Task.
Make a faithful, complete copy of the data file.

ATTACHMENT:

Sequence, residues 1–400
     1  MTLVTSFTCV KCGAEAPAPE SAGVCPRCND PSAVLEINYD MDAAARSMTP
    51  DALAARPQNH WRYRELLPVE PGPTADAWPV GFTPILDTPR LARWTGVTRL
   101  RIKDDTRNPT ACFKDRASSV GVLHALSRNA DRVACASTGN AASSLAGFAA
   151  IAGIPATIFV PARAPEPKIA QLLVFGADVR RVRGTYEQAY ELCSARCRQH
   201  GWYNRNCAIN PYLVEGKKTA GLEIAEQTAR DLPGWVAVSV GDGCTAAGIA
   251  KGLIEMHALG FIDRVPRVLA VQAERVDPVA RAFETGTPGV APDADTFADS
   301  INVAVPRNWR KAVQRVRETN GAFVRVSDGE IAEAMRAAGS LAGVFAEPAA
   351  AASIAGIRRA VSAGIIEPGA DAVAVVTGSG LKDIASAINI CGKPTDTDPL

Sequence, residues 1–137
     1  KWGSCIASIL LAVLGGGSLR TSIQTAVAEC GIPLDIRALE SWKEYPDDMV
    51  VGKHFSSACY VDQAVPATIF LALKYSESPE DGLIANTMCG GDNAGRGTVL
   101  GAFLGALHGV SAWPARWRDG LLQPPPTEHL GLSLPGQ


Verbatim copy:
Sequence, residues 1–400
     1  MTLVTSFTCV KCGAEAPAPE SAGVCPRCND PSAVLEINYD MDAAARSMTP
    51  DALAARPQNH WRYRELLPVE PGPTADAWPV GFTPILDTPR LARWTGVTRL
   101  RIKDDTRNPT ACFKDRASSV GVLHALSRNA DRVACASTGN AASSLAGFAA
   151  IAGIPATIFV PARAPEPKIA QLLVFGADVR RVRGTYEQAY ELCSARCRQH
   201  GWYNRNCAIN PYLVEGKKTA GLEIAEQTAR DLPGWVAVSV GDGCTAAGIA
   251  KGLIEMHALG FIDRVPRVLA VQAERVDPVA RAFETGTPGV APDADTFADS
   301  INVAVPRNWR KAVQRVRETN GAFVRVSDGE IAEAMRAAGS LAGVFAEPAA
   351  AASIAGIRRA VSAGIIEPGA DAVAVVTGSG LKDIASAINI CGKPTDTDPL

Sequence, residues 1–137
     1  KWGSCIASIL LAVLGGGSLR TSIQTAVAEC GIPLDIRALE SWKEYPDDMV
    51  VGKHFSSACY VDQAVPATIF LALKYSESPE DGLIANTMCG GDNAGRGTVL
   101  GAFLGALHGV SAWPARWRDG LLQPPPTEHL GLSLPGQ